Employees calling in or logging on to the 24/7 hotline may include their name or remain anonymous when reporting.
“By putting in place whistleblower protection and a fraud, waste, and abuse hotline, we are reinforcing County government’s deep commitment to good and ethical government,” Donnellan said in a press release.
The press release says the hotline is “part of the emphasis [Donnellan] has placed on high ethical standards during her tenure as County Manager.” Each report will be reviewed by a “County Review Committee, composed of staff appointed by the County Manager.”
Employees who do identify themselves in their reports will be protected by a new administrative whistleblower policy, the county said.
The Right Note is a weekly opinion column. The views and opinions expressed in the column are those of the author and do not necessarily reflect the views of ARLnow.com.
The neighborhood objected because the County was abandoning its promise to find a way to open it up for public use. Others objected because it was yet another example of a tin ear method of operation by the Board.
This decision very well may make financial sense. But driving by the million dollar bus stop on Columbia Pike again the other day, I could not help but think of all the money wasted over the years by our elected officials. So newfound urgent fiscal concerns, particularly by our current Board Chair, ring a little bit hollow.
A four month delay to proceed with the sale may not have been in order, but clearly the Board’s intent to consider decision could have been noticed for the June meeting at little additional cost to the taxpayer. It would have given the community ample time to plead their case.
Hopefully, the public pushback is a reminder to Board members of why they should always do things in a more transparent manner. It is not the first time little notice was given before a controversial Board decision, but it should be the last.
The story making even bigger headlines is the lease for a gun store in Cherrydale.
What do we know?
Nova Firearms has signed a lease for the storefront. The Constitution protects our right to own or not own a firearm while the Supreme Court allows the government to impose some restrictions on sales and possession. And from all indications, Nova Firearms is a legitimate business that obeys all relevant laws governing the sale of firearms.
The Constitution also protects our right to free speech. Those protesting the store’s opening have every right to express their opinions. Those supporting the store can do the same.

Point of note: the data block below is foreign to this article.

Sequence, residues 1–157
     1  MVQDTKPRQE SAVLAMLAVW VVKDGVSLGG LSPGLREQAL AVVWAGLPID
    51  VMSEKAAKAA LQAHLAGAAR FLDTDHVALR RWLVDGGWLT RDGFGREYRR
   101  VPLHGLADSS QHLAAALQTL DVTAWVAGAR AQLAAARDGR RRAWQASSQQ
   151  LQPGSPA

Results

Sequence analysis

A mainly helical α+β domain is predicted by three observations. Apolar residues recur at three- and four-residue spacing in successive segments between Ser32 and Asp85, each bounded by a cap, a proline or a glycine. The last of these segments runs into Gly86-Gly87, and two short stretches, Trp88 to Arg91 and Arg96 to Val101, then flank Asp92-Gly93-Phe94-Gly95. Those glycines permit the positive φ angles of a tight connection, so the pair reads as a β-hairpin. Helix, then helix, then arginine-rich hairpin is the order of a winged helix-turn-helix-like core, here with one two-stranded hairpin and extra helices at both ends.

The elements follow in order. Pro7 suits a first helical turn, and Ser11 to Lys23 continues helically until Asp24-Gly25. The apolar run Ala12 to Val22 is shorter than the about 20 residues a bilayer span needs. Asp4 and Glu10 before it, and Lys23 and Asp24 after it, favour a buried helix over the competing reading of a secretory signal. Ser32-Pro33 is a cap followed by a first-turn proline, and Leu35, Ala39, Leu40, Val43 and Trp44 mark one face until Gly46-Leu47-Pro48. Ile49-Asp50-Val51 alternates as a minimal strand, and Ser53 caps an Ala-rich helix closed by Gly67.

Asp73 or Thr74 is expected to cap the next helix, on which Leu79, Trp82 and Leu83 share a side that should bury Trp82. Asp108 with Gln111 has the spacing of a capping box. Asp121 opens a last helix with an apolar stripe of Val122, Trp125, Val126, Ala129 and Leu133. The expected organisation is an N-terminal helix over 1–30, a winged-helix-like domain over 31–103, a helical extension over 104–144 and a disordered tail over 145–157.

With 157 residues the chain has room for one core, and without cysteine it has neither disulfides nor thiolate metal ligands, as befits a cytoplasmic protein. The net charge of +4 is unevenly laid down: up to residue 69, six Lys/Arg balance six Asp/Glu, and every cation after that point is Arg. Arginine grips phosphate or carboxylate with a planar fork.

What will happen?
Ultimately, we are still, and should always remain, a nation of laws. And in this matter, the law seems pretty clear.
Despite news reports that the shopping center owner may be trying to break the lease, it appears to be a legally binding contract between the two parties. Unless the owner finds a legal loophole or talks Nova Firearms into pulling out of the lease voluntarily, the store is almost certainly going to open as planned.
Mark Kelly is a former Arlington GOP Chairman and two-time Republican candidate for Arlington County Board.
Peter’s Take is a weekly opinion column. The views and opinions expressed in this column are those of the author and do not necessarily reflect the views of ARLnow.com.
A new report by the Schools Committee of the Arlington Civic Federation challenges APS’ enrollment growth plans. The report demonstrates that APS has failed to take into account adequately the possibility that current enrollment forecasts are significantly understated.
Our capital improvement program (CIP) must do a much better job taking into account the possibility that enrollment, and therefore the cost of additional seats, will be significantly higher than now estimated.
Hundreds of millions of our tax dollars are involved.
Enrollment Forecast Issues
The vast preponderance of data points to significantly higher enrollment growth than now forecast by APS:
- APS enrollment grew 5.2% from 2013 to 2014,
- From 2015 through 2021, APS forecasts no increase in kindergarten enrollment, despite a 4.5% compound annual growth rate over the past 7 years. The last 6 kindergarten classes have been at least 25% larger than the classes over the prior six years,
- The APS forecast removes up to 11.1% of students in its forecast between 5th and 6th grade when the recent average loss is only 1.3%, and other factors may understate middle school projections by as many as 700 students in 2024,
- Sudden changes in medium term projections of cohort progressions are not justified. This disappearance of rising 5th graders masks the need for far more high school capacity to be completed by 2024,
- APS grew 5.2% last year and averaged 3.7% growth for 4 years, but overall growth rates in the current forecast drop significantly year over year, creating future risk.
Among the major implications of significantly underestimating enrollment growth are these:
- Building too small, too late is the most costly and disruptive way to expand,
- We must lower the cost per seat,
- The CIP must plan much better for higher enrollment growth and attendant costs within financial and space constraints:
- We need designs that can expand or scale back cost effectively with shorter or longer wings, fewer or additional floors, and gyms and cafeterias on outside walls that can be expanded,
- We must do the basic math regarding on how many sites APS can build, and the maximum size of cost-effective school additions, before sizing schools and then realizing we need to add 10-20% to the capacity of every school because there is no place left for new schools.
The vast majority of enrollment drivers point towards significantly higher enrollment growth and related capital expenditures than currently forecast. APS must make revisions now to take this into account. The County Board must begin now seriously to discuss options such as:
- developer contributions (proffers),
- deferral of County capital projects, and/or
- providing APS with a higher share of overall debt service limits.
Peter Rousselot is a former member of the Central Committee of the Democratic Party of Virginia and former chair of the Arlington County Democratic Committee.